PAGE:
In the Willamette Valley region of the Pacific Northwest, Strawn notes, the wine industry is booming and “a data scientist who is well-trained could go to work for a winery and help them understand patterns, soil nutrition degradation and how they could use that information.”
Willamette’s program has no graduates yet, but recent management school grads have gone on to work as data analysts at Intel and for the Seattle Seahawks football team.
The data mapping and tracking that have emerged from the coronavirus pandemic demonstrate the clear and vital applications in public health and health care.
For years, many universities have been digging into the uses of data analytics in medicine, in some cases collaborating with their affiliated medical schools, hospitals or industry partners. Duke University School of Medicine in North Carolina houses the Duke Forge, a center where data science students can get hands-on experience working on health data projects.
“There’s a ton of potential there to be generated in health care,” says Erich S. Huang, director of the Forge and chief data officer for quality at the Duke University Health System.
For example, Duke undergrads might analyze data to investigate potential bias affecting seniors on Medicare, or work with clinicians in the Duke health system on applying state-of-the-art machine-learning tools to improve diagnosing and delivery of care. One undergrad student working with Huang used tools like Google Maps satellite data to estimate the prevalence of chronic diseases in specific communities.
Jobs in data science and advanced analytics were projected to grow by 28% over the last five years, with advertised average salaries of $80,200 — more than $8,700 higher than the figure for other bachelor’s- and graduate-level jobs — according to a 2017 report from IBM, the Business-Higher Education Forum and Burning Glass Technologies, a job market analytics firm.
And the field of computer and information research scientists alone is expected to grow “much faster than average,” by 16% between 2018 and 2028, according to the U.S. Bureau of Labor Statistics.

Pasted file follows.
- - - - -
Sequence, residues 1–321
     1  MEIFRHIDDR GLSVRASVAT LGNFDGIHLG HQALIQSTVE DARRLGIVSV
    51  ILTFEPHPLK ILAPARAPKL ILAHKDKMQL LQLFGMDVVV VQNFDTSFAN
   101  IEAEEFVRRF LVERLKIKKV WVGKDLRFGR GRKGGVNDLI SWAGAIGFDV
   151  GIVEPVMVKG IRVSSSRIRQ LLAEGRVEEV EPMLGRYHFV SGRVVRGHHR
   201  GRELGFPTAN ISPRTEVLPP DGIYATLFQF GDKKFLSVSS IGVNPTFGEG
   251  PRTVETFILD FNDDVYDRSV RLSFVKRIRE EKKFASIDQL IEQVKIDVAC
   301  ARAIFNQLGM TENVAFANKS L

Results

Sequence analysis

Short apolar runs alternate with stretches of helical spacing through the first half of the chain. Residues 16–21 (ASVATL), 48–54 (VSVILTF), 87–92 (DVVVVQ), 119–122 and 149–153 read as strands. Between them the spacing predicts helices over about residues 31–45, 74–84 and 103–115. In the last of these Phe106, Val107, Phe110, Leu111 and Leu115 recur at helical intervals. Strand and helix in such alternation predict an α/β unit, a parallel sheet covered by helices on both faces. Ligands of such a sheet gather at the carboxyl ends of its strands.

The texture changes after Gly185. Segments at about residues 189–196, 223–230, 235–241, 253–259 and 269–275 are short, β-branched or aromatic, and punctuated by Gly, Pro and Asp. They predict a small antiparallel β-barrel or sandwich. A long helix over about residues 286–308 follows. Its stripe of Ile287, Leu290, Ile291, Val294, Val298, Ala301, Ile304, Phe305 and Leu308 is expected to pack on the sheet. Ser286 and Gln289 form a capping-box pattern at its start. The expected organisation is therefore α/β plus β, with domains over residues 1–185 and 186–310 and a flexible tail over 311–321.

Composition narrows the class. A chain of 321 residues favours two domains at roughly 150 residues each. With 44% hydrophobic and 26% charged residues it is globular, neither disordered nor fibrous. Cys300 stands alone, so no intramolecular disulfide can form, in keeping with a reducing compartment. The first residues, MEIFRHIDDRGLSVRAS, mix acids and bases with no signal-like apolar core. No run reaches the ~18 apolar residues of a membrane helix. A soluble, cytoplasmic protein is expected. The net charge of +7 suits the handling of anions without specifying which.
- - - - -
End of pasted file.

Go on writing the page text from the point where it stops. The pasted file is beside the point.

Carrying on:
“There are literally hundreds of thousands of open jobs in this space that go unfilled,” says Ana Echeverri, AI skills growth and strategy lead at IBM. Many new undergraduate and master’s programs have been created, she says, as schools recognize the demand and aim to graduate individuals armed with analytical skills.
IBM partnered with the University of Pennsylvania and the Linux Foundation to create an open-source project to help universities worldwide build data science programs from scratch faster.
Amanda Konet, a 2020 graduate of Ohio State from Broadview Heights, Ohio, majored in data analytics with a minor in women’s, gender and sexuality studies.
“Working with nonprofits is a really big passion of mine,” says Konet, who plans to pursue a master’s degree in data science and perhaps a doctorate in a social science discipline. Her undergraduate minor helped expose her to the social applications of data, she says, and has inspired her to look into how she might apply analytics to help nonprofits, such as using data science to do better targeted — and more effective — outreach to donors.
This story is excerpted from the U.S. News “Best Colleges 2021” guidebook, which features in-depth articles, rankings and data.
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Why More Colleges Are Offering Data Science Programs originally appeared on usnews.com